Most people put a lot of thought into their workout playlist, as science has shown us time and time again that finding that perfect beat can help us stride stronger, lift heavier and push longer. But what about when the workout ends, your breath slows, and it’s time to go home?
It turns out you’ll want to keep those tunes streaming. A recent study in the journal Medicine & Science in Sports & Exercise revealed that listening to slow, relaxing music during your cooldown can help you get the most out of the sweat session you just finished.
Researchers looked at 42 university students — 21 women, 21 men — who completed a cycling workout to exhaustion three different times, cooled down for 3 minutes, then sat in a comfy chair for 30 minutes for “passive recovery.” During that passive recovery, each student listened to a different kind of music. After the first workout, it was what researchers described as slow, sedative music at about 70 beats per minute (BPM). The second called for fast, stimulative music at 130 BPM. The third, acting as a control, had no music. They measured cortisol levels, a hormone released in response to stress — in this case, a workout — heart rate and blood pressure both before and immediately after the sessions.
What they found is interesting: When the students listened to the fast, 130 BPM music, their cortisol levels increased the most. And when they listened to slow, 70 BPM songs, cortisol returned to normal the fastest. Neither of these are bad when it comes to recovery.
Immediately after your workout, higher cortisol levels are ideal because it increases anti-inflammatory activity in your muscles, which speeds up the repair process. But you don’t want cortisol to spike for too long because then your body stays in fight-or-flight mode, which can be exhausting. That’s why, once you’re done cooling down, it’s good for your cortisol levels to return to normal as soon as possible — it’s when real recovery happens.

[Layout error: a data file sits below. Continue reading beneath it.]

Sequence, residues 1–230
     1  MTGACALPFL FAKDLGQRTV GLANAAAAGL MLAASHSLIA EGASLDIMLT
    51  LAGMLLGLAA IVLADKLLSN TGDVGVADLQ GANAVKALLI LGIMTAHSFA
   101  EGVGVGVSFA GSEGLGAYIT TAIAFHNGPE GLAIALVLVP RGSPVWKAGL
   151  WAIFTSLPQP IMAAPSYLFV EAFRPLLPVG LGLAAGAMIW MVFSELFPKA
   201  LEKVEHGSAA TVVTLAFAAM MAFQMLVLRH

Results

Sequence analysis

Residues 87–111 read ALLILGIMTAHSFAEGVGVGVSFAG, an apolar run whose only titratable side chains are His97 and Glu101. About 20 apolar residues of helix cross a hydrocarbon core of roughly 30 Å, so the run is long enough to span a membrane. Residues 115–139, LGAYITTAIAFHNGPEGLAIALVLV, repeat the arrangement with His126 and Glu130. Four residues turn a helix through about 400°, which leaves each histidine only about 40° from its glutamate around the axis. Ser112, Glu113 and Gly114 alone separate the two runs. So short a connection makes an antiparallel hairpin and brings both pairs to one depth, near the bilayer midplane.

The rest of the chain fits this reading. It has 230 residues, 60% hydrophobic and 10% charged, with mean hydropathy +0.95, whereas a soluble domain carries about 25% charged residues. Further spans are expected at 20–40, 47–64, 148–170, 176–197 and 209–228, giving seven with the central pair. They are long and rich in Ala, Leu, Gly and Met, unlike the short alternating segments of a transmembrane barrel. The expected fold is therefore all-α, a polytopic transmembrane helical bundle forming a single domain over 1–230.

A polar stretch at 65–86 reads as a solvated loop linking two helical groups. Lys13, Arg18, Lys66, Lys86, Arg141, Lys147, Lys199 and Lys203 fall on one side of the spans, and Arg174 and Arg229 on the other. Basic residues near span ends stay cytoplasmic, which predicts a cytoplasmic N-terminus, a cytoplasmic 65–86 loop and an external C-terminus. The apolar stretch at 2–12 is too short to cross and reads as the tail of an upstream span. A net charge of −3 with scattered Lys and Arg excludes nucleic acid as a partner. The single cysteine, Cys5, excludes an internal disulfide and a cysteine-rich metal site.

THE 3-MINUTE RULE
So, based on this research, the best-case scenario would involve combining the two. In your cooldown, keep the faster tunes flowing to keep those cortisol levels high. But after 3 minutes, transition to tunes giving off a more relaxed vibe so you can get the recovery juices flowing. Your playlist should also last between 20–30 minutes, as that’s what scientists found to be most effective.
But we’re not going to give you all of this info and ship you off to be your own master DJ. (Props to you if you have those skills, though.) Instead, we enlisted the help of Shanon Cook, a Spotify trends expert, who curated the list below. It starts with a song at 80 BPM to ease you in (a spa version of Justin Bieber’s “Sorry,” no less), and gradually slows to that 70 BPM sweetspot.
The only problem with using Spotify is when you don’t want the Premium (paid subscription); Spotify then shuffles the song order so you CANNOT start with the proper BPM chosen song and work your way to the slower ones. So, thanks My FitnessPal for the playlist. I guess I’ll DJ my own tunes for the cool down effect.